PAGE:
A group of San Gabriel Valley physicians and hospitals have submitted a bid to open an urgent care and health center on the site of the shuttered Pacific Alliance Medical Center in Chinatown.
The hospital — Chinatown’s only one — closed last December after 157 years, prompting alarm from the surrounding community, which includes thousands of Asian seniors who had grown to rely on the hospital for many types of healthcare.
Activist groups and seniors have been lobbying politicians and investors to reopen the hospital. The property’s owner, La Societe Francaise De Bienfaisance Mutuelle De Los Angel, put the land up for sale in January. The society’s vice president, Gary Wilfert, said its officials will choose from among the highest bidders.
The physicians group, Allied Pacific, proposes a 24-hour urgent care facility that will also include specialty clinics for cardiology, ophthalmology, diabetes, high blood pressure and congestive heart failure, as well as a health center for seniors. Allied Pacific is partnering on the bid with AHMC Healthcare, which operates five hospitals in the San Gabriel Valley and one in Orange County.
The proposal won’t require much renovation, said Allied Pacific Chairman Kenneth Sim. And reclassifying the facility as an urgent care center that has no overnight patient population could reduce the costs of earthquake retrofitting, he said.
Chinatown seniors appealed to the physicians group for help after the hospital closed, Sim said.
“The Chinatown community wanted an option to keep the facility open to serve healthcare needs,” Sim said.
Although there are multiple hospitals in the area that have absorbed the patients affected by Pacific Alliance Medical Center’s closure, Chinatown still needs its own medical facility, said Dr. Paul Chu, a general internist who practices in the neighborhood.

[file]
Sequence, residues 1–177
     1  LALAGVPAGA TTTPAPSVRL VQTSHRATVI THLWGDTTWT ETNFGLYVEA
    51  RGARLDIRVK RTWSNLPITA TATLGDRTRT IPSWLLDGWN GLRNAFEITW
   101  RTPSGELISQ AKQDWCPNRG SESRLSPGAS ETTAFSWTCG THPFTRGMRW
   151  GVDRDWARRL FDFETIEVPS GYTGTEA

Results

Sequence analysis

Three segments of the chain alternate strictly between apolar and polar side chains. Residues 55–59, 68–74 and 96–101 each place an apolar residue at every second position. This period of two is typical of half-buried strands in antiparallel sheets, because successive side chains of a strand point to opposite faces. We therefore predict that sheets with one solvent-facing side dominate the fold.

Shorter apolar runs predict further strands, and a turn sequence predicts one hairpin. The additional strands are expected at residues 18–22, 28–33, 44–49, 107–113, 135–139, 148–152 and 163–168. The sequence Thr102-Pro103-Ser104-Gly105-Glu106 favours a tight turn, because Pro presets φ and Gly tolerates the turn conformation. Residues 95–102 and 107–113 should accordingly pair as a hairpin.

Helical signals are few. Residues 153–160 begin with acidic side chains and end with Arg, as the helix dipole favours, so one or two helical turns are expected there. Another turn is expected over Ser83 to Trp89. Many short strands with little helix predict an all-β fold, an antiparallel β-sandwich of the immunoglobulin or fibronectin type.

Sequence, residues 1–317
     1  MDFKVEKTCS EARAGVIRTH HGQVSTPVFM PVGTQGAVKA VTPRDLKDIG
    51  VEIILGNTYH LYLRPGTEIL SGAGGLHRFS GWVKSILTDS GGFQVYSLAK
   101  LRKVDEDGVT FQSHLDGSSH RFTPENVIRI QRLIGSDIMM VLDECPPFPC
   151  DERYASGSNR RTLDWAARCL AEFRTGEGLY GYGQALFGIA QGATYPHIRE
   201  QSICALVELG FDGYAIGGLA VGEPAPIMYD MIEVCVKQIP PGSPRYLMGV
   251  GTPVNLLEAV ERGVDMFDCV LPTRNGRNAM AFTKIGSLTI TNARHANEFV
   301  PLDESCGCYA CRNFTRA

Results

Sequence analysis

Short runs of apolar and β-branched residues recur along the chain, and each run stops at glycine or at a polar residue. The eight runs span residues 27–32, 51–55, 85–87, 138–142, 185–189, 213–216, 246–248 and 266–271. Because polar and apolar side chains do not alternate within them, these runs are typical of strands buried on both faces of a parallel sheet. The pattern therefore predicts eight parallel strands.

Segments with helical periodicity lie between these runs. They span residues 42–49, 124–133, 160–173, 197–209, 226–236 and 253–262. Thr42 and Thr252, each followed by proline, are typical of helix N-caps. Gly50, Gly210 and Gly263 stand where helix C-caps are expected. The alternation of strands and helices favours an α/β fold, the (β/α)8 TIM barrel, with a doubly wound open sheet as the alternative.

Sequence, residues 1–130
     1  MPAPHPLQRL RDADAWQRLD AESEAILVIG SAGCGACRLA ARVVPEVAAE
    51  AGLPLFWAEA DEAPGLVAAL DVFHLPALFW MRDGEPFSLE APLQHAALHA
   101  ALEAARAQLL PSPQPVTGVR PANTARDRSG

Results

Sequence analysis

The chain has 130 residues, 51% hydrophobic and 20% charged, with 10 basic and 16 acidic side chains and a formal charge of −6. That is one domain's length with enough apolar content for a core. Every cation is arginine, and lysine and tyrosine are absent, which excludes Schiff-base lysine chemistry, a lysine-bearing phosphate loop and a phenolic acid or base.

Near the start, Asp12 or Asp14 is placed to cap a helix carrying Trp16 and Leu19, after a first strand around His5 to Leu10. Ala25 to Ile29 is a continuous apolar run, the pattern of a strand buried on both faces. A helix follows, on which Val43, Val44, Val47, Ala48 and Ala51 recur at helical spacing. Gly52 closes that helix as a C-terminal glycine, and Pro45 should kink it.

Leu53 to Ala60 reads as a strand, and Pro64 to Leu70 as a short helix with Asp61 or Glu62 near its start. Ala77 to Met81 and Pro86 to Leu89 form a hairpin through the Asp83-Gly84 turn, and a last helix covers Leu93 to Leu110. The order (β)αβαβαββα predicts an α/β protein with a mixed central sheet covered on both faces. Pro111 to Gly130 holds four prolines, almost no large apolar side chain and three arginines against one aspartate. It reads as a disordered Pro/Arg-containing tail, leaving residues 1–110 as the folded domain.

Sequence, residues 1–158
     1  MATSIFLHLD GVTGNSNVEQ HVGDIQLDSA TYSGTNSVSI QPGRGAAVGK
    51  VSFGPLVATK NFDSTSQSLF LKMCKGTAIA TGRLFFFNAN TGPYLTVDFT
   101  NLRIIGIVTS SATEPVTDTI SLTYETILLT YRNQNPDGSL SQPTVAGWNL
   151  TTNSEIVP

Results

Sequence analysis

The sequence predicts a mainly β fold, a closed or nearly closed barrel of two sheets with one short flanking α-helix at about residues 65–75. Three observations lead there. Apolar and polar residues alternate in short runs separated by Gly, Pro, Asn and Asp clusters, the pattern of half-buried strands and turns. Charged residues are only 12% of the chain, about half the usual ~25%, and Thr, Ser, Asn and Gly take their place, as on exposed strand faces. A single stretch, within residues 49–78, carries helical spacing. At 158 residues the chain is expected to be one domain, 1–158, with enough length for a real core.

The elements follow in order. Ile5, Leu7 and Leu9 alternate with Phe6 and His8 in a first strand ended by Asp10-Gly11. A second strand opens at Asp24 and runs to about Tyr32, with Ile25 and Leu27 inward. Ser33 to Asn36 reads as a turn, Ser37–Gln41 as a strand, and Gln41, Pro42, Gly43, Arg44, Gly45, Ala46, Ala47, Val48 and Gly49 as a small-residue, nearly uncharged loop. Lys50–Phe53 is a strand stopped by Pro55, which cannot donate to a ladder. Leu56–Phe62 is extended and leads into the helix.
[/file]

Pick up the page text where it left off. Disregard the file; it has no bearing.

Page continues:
“That hospital served as a safety net for the community,” he said.
He said other hospitals won’t be able to cater to the cultural and language requirements of Chinatown’s seniors, who speak several different dialects of Chinese. More than 2,000 Asian seniors reside in Chinatown, which has one of the most senior populations of any neighborhood in the county.
The hospital’s closure, Chu said, has already had a negative effect on the area. About a dozen different medical professionals have closed up their practices, forcing seniors to travel farther to places such as Monterey Park to get medical help in their own languages, said Chu and other doctors working in the area.
And the hospital’s 600 employees and patients no longer spend money on local pharmacies, restaurants, private practices and community events, Chu said.
The auction for the property ended last week, Sim said. It’s not clear how many bidders there are nor when the society will announce the auction’s winner.
Sim said it’s important that Chinatown has culturally conscious healthcare providers. “Many of us in the physicians group grew up in Chinatown and many of our parents were cared for in that part of town,” he said.
About three decades ago, the hospital — then known as the French Hospital — was rescued from bankruptcy when a group of Chinatown doctors, as well as a Japanese entrepreneur, stepped in to operate the ailing facility.
The hospital had been struggling in recent years, posting operating losses of $53 million and $44 million in 2015 and 2016, respectively, according to state records.